Hector Berlioz Roman Carnival
Conductor: Daniel Bukin

Ernest Bloch Schelomo Hebraic Rhapsody
Conductor: Christopher Lees, Cellist: Eli Kaynor

Antonín Dvořák Symphony No. 8 in G, opus 88
Conductor: Christopher Lees

“Hearing with New Eyes”
We live in a culture in which the visual sense is dominant and artistic events of a predominantly aural (musical) nature, nationally, have been experiencing challenges in competing for audience share. The instinctual but erroneous response on the part of symphony orchestras is to add visual elements, such as projections, to some concerts, thereby hoping to appeal to a more contemporary, visually-oriented audience. This approach actually has the opposite effect, because the visuals compete with music and relegate it to a supporting role.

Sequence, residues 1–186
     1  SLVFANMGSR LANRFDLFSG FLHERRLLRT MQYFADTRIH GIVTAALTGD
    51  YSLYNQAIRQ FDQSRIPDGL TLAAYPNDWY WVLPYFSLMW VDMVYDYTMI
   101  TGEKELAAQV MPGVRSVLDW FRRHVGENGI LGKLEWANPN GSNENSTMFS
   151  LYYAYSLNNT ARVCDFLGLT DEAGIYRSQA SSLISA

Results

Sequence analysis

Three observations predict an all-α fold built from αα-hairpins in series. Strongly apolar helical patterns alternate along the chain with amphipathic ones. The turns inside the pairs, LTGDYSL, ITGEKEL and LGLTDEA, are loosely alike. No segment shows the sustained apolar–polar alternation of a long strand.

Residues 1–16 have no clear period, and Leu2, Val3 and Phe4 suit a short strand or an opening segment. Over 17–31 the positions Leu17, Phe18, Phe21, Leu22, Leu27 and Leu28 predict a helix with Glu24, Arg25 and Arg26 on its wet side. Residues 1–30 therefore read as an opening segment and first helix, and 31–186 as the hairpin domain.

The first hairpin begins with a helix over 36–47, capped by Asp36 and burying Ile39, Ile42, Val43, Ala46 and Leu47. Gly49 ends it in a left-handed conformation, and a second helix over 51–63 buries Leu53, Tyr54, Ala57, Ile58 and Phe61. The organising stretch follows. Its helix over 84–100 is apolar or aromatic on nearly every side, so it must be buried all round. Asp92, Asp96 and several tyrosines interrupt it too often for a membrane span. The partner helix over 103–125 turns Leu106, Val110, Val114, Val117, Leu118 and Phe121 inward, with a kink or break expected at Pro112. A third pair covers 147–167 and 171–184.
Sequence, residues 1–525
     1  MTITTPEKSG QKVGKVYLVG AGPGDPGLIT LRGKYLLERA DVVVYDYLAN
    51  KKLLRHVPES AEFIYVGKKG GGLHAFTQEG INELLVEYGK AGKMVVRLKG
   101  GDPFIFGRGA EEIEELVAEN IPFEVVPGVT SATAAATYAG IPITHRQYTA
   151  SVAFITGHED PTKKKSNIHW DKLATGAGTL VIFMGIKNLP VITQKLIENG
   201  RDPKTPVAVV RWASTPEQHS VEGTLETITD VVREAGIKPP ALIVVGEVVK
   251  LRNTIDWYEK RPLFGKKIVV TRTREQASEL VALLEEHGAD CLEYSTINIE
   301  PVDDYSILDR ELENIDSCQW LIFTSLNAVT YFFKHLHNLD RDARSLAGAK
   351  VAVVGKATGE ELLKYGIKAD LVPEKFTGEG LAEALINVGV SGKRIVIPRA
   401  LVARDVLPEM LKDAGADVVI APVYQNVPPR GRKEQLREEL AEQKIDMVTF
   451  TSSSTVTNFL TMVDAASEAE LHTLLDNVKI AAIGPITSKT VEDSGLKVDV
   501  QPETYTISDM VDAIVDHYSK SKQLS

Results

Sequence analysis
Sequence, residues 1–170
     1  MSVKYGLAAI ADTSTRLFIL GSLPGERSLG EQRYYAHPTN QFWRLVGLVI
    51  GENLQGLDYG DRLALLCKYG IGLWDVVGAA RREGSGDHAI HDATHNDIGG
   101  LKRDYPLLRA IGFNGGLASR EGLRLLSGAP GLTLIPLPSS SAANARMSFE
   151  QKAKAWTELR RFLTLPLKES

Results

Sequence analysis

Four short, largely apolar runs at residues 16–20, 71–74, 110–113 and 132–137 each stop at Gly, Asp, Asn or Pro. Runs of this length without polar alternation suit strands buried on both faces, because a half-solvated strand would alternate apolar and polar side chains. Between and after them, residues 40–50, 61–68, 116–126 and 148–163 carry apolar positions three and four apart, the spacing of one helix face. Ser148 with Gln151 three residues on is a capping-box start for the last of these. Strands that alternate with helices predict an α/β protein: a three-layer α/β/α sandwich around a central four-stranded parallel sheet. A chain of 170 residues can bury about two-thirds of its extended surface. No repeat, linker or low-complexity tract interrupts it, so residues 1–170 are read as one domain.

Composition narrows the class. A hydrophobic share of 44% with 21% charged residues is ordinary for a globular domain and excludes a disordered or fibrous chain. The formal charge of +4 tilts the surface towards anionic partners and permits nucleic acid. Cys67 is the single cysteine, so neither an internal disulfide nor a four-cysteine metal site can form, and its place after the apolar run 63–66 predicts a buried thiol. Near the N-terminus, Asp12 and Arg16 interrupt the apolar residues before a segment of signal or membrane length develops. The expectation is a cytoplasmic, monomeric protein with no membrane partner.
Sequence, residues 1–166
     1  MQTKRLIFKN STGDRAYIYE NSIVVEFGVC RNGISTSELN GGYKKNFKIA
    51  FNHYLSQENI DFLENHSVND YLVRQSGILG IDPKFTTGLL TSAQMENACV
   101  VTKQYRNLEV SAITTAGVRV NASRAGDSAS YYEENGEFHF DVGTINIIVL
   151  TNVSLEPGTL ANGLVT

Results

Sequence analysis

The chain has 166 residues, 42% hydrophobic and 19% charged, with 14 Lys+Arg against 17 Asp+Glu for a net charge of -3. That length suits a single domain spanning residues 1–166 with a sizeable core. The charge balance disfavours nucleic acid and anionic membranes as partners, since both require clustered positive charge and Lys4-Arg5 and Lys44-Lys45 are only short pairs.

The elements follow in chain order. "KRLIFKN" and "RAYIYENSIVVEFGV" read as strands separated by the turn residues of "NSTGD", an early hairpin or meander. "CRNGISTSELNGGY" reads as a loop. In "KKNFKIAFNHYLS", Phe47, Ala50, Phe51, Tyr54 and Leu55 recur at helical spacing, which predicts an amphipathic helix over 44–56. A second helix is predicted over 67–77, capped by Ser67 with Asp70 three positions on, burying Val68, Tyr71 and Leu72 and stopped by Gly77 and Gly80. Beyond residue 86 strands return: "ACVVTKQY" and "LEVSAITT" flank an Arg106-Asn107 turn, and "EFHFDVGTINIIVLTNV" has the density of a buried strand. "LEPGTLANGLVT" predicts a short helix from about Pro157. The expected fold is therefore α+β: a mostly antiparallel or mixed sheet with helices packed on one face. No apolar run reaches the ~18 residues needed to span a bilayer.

ConcertArt will, first, simplify and focus the visual elements of a standard concert environment by removing the visual distractions often present. For example, the floors and walls of most concert venues are usually light colored. The music stands and chairs for the orchestra are generally black. The contrast between these elements creates an immense amount of visual busy-ness, which is chaotic to the eye and therefore distracting to the reception of the music.

Secondly, by actively and evocatively, lighting the concert, the audience’s emotional experience of the musical will be enhanced. We do not use projected imagery or imagery that has a “narrative” meaning. Lighting is abstract and evocative, just as music is. Through color, intensity and angle, the lighting will become supportive of the music rather than the other way around. In essence, the goal of ConcertArt is to help the audience “see” the music.

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